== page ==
Category Archives: Substance Abuse

Health & Wellness Substance Abuse

Proposed California Bill Bans Baseball Practice of Chewing Tobacco

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Baseball has long welcomed the notorious habit of “dipping” tobacco in chewing gum, defined in Wikipedia as “placing a lump or ‘dip’ of tobacco between the lip and the gum.”

As part of the government’s actions to clean up the sport, California State Assembly member Tony Thurmond forwarded a bill that seeks to prohibit Major League Baseball (MLB) players from chewing tobacco during games. The proposed bill also includes banning smoking of tobacco and use of e-cigarettes in MLB venues.

One of the most famous baseball players who were confirmed to have enjoyed dipping tobacco is San Diego Padres outfielder Tony Gwynn, who succumbed to cancer of the salivary glands last year. “I’m hopeful that this bill will lend to his legacy, that it will help to prevent illness for young people and young athletes,” Thurmond said in a news item. “Tony Gwynn was somebody I thought was a spokesman for baseball, a great role model as a person.”

MLB released a statement last February 24 as a support to Thurmond’s bill. “We ardently believe that children should not use or be exposed to smokeless tobacco, and we support the spirit of this initiative in California and any others that would help achieve this important goal,” a statement from the league said.

Medical Marijuana Substance Abuse

Alaska Legalizes Marijuana Use With More Lenient Rules Than Other States

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The state may be chilly, but the latest hot topic in Alaska is now burning up the presses.

A voter initiative in Alaska has pushed the legalization of marijuana in the state February 24, bringing years of convoluted laws surrounding the issue to a close. The approved plans allows use and safekeeping of cannabis, as well as bring it in transport, grow plants and distribute them. However, people caught using pot in public will be slapped with a fine of $100. This makes Alaska the third U.S. state to legalize recreational marijuana, after Colorado and Washington.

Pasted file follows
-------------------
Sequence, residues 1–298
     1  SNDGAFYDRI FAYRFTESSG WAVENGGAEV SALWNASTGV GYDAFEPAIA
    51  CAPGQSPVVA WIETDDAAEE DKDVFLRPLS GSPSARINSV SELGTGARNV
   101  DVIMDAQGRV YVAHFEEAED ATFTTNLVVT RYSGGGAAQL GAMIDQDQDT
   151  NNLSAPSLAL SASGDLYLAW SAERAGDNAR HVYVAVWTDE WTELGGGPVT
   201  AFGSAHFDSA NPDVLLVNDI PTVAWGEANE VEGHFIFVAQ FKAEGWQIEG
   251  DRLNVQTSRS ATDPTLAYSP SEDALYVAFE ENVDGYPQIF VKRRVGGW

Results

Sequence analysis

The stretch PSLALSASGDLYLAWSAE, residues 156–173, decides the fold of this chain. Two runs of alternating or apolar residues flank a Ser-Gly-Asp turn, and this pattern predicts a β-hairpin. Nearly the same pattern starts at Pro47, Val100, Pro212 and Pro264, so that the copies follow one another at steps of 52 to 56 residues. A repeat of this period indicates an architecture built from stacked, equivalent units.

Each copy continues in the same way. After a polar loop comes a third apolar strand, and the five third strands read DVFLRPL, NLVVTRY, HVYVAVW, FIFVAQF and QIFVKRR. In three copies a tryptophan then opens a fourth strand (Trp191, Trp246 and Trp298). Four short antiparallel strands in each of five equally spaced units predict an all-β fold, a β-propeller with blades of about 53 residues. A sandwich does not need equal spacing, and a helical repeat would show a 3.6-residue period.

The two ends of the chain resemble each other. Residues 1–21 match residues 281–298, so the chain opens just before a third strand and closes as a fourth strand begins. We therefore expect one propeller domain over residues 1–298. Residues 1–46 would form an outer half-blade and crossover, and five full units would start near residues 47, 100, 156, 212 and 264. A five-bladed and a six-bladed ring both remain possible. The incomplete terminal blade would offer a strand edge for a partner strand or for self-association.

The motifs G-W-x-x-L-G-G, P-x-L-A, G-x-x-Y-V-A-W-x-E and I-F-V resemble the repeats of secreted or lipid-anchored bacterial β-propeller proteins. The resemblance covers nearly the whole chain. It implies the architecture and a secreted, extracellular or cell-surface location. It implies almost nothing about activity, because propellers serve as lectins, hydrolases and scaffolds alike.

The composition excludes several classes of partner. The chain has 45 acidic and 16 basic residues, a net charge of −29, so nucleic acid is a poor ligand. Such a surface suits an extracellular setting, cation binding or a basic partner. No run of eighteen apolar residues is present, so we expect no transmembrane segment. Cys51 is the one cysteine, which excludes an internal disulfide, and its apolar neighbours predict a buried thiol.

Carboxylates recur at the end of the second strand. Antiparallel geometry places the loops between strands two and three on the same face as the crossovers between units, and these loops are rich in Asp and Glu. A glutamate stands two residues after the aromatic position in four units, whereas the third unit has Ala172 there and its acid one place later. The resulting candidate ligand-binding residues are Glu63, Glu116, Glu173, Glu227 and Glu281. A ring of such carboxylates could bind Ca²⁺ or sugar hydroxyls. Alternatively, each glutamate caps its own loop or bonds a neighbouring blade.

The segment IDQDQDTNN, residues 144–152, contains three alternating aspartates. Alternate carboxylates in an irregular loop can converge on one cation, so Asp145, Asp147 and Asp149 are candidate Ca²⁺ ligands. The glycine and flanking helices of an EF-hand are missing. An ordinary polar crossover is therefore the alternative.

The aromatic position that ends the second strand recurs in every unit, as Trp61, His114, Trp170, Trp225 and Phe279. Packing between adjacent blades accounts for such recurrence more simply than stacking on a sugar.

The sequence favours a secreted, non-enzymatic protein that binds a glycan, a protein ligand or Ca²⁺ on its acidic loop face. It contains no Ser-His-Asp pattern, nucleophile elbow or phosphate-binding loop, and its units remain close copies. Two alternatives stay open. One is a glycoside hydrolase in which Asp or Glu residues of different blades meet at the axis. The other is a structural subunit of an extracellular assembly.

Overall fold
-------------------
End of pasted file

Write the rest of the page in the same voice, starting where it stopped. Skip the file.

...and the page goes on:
Despite the affirmative vote for marijuana use, many citizens are concerned about what this might bring to the state, especially after the observed rise in other similar abuse issues on drugs and alcohol. Edward Nick of Manokotak, Alaska said that his village prohibits alcohol and drug use, whether in public or in the privacy of one’s home. “When they start depending on smoking marijuana, I don’t know how far they’d go to get the funds they need to support it, to support themselves,” Nick said in a news release.

Proponents of the marijuana voter initiative include “libertarians, rugged individualists and small-government Republicans,” according to AP. The initiative will allow communities such as Manokotak to regulate marijuana use in the confines of local law, just like they do in alcohol.

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Addiction Substance Abuse

Minorities Susceptible To Arrest Due To Preference For Crack Cocaine Over Powder

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Although the Fair Sentencing Act of 2010 was aimed at reducing the flak against African Americans arrested for cocaine possession, a new study suggests that they are still at higher risk than other racial profiles to get arrested.

A team of researchers from the Center for Drug Use and HIV Research at New York University used the National Survey on Drug Use and Health to collect data of cocaine users and their likelihood of getting arrested. Results of the team’s analysis revealed that users of crack cocaine are exposed to a higher likelihood of arrests than those who use the powdered form. “We found that 12% of adults in the US have used powder cocaine, while only 4% have used crack cocaine… But it is the 4% who have used crack who are at greatest risk for arrest, which can further marginalize these individuals, making them unable to get jobs or school loans,” according to study co-author Dr. Joseph J. Palamar in a news item.